** SNARK OVER **

Derek Jeter will play the last game of his Hall-of-Fame career Sunday afternoon at Fenway Park. It will cap off what has been a three-day love fest from Red Sox fans. And while details haven't been announced, you just know that Red Sox Executive Vice President Dr. Charles Steinberg and his staff will be pulling out all the stops to honor Jeter. And deservedly so.

Photo courtesy MLB.com
Plain and simple, Derek Jeter is everything I want a baseball player to be. And yes, he played hard...and he stayed cool.

He respected his teammates, his opponents, and more importantly, the Game of Baseball. In the PED era of players routinely putting up video game numbers, Jeter's name was never on the list of the usual suspects, even as some of his own teammates treated the clubhouse like a chemistry lab.

He battled his way through each and every at bat of his career. He may never have put up enough league-leading numbers to satisfy the likes of the Keith Olbermanns of the world, but he certainly had his share of big base hits, and I lost count of how many of those came at the expense of the Red Sox over the years. Derek Jeter could beat you with his bat, his glove, and his legs. And as someone who probably watched or listened to 90% of Jeter's career, I can say with confidence that he never stopped trying to beat the opponent no matter what the score was.

For years, I led the "if he played anywhere other than New York he'd be considered just another very good player" crowd when it came to assessing Captain Intangibles. But as the final weeks of Jeter's career have unfolded, I've started to appreciate Jeter in a whole new way. I've also discovered a sense of melancholy that I wasn't expecting.

Some of that came from knowing that Jeter is going through that phase of his life as described by Jackie Robinson when he said, "Athletes die twice." Derek Jeter's athletic mortality is playing out in front of our eyes. In many ways, I think it's reminding me of my own mortality.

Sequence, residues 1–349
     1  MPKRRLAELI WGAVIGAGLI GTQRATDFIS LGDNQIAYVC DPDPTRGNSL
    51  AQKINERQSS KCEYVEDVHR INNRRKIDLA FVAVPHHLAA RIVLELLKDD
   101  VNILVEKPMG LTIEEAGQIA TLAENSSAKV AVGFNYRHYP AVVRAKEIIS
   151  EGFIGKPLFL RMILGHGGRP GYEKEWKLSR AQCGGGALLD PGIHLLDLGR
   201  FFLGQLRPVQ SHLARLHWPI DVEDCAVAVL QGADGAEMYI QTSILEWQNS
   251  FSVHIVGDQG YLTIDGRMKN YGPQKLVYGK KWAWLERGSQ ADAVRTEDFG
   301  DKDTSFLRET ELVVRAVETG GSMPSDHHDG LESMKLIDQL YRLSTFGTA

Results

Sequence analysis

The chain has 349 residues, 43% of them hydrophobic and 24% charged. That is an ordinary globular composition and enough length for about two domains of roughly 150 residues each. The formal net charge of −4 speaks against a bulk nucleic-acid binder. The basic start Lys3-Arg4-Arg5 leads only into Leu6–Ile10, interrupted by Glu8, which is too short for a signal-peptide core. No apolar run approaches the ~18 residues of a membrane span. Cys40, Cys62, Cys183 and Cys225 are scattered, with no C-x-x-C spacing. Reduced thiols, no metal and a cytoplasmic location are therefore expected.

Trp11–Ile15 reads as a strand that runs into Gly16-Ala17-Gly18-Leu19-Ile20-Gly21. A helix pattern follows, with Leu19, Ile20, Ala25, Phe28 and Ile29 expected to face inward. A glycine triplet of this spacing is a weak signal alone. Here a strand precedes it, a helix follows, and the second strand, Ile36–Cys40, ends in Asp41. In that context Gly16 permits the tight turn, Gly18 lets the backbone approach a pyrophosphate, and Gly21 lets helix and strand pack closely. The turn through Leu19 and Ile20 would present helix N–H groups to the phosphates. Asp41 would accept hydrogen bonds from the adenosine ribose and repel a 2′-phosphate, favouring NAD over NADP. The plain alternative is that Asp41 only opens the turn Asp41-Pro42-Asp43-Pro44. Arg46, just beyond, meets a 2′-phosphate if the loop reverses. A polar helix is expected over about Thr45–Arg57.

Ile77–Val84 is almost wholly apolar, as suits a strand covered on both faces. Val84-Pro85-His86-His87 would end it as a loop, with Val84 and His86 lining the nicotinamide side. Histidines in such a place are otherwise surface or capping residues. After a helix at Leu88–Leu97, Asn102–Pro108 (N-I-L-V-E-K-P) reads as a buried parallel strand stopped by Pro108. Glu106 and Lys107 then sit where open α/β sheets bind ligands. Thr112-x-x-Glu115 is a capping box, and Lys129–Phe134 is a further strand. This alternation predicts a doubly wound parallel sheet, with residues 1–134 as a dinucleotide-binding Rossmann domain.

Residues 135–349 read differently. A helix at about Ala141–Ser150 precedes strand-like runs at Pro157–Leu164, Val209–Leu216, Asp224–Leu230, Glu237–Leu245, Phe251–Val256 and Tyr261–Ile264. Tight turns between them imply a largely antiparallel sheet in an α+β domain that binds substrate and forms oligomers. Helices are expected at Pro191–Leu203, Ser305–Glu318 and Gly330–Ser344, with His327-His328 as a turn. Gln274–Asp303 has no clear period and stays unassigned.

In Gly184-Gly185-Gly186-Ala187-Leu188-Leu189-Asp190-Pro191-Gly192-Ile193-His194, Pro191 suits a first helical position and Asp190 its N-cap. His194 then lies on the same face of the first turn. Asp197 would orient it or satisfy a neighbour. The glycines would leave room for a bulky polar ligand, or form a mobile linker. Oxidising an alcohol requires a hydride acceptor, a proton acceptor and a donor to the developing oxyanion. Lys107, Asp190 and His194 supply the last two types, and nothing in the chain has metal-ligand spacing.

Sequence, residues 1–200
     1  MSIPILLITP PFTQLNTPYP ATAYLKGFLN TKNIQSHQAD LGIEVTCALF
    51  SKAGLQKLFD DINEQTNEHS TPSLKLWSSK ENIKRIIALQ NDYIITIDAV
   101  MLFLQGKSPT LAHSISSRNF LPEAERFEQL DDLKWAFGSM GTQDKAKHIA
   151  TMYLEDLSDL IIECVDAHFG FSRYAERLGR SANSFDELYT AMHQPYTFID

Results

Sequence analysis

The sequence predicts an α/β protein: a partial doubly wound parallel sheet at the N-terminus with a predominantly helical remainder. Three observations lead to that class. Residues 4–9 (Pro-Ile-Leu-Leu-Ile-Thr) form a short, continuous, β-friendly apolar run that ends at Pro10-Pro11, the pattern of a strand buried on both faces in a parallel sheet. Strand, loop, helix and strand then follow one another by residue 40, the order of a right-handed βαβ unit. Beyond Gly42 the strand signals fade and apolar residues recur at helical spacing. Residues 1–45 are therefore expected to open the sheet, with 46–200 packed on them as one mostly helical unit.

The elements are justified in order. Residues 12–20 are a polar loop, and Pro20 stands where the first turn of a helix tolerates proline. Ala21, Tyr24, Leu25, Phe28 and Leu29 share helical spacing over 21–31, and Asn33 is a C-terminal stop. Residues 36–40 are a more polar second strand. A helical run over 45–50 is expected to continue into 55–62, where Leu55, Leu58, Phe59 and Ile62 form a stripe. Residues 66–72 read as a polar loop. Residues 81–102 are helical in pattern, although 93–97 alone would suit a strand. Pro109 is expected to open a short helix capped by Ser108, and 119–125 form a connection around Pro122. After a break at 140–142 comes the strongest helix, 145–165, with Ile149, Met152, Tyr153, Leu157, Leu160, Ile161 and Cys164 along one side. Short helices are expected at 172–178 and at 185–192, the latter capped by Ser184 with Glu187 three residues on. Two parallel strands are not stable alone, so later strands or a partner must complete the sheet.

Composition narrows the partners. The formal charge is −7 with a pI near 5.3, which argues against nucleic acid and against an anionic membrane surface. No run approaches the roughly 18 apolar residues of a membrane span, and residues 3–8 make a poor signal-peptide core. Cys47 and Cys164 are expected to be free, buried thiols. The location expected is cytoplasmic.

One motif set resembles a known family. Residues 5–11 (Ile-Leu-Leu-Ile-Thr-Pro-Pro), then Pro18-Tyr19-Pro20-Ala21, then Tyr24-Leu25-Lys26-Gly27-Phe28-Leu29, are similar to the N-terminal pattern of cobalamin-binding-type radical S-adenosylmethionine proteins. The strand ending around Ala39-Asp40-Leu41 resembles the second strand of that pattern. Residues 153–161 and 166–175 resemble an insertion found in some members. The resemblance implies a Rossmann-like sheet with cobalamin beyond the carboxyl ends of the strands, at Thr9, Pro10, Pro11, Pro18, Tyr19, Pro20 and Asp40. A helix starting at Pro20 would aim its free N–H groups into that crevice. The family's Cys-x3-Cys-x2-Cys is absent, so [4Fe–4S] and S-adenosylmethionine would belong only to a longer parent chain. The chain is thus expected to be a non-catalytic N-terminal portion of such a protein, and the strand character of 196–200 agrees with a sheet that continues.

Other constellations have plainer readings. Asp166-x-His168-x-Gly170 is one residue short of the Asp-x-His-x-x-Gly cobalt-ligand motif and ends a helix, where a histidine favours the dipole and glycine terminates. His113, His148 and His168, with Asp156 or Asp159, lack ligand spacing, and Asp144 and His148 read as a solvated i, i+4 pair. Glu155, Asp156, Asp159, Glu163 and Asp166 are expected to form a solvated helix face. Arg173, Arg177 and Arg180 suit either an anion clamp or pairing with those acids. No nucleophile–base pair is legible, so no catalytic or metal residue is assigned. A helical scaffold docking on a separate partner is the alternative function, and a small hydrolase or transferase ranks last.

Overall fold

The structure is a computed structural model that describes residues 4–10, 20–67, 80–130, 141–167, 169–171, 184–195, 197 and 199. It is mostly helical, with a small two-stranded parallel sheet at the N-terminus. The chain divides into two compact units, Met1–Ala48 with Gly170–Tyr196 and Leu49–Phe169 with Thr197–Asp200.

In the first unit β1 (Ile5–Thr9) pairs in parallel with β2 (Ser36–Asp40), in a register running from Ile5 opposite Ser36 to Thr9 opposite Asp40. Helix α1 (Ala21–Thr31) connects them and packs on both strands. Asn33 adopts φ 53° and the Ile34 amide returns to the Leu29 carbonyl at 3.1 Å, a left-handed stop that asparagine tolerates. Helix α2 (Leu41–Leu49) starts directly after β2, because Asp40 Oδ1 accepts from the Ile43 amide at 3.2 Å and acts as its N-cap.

Photo courtesy New York Times
The image of Jeter heading out to shortstop once last time following Thursday night's game and crouching down with his hands covering his face, clearly filled with emotion, is one that will stay for me forever. Jeter said more in that moment about his love for the game he played so eloquently for nearly 20 years than he could have said in a month of post-game press conferences.

My 13-year old son wants to play baseball for a living. It's all he talks about. Like any of the tens of thousands of kids who call themselves Red Sox fans, he wants to call Fenway Park "home" some day, and he absolutely despises the Yankees.



Photo courtesy New York Times



But when Jeter dropped that single into right field in the final home game of his career to drive in the winning run against the Orioles, my son found himself filled with emotions he wasn't expecting for the only Yankees shortstop he's ever seen in his brief lifetime. "This is really the end of an era," he said in one of those moments that may be the first time he's felt a part of his own childhood dying.

So yes, Keith Olbermann and Derek Jeter's naysayers may indeed have a lot of valid points. But this Red Sox fan is also hopefully objective enough to acknowledge one of the all-time greats.

#RE2PECT, indeed.

Click here to find more by Jim Monaghan on Red Sox Life. Follow him on twitter - @Monaghan21

Jim Monaghan 9/28/2014 07:00:00 AM Edit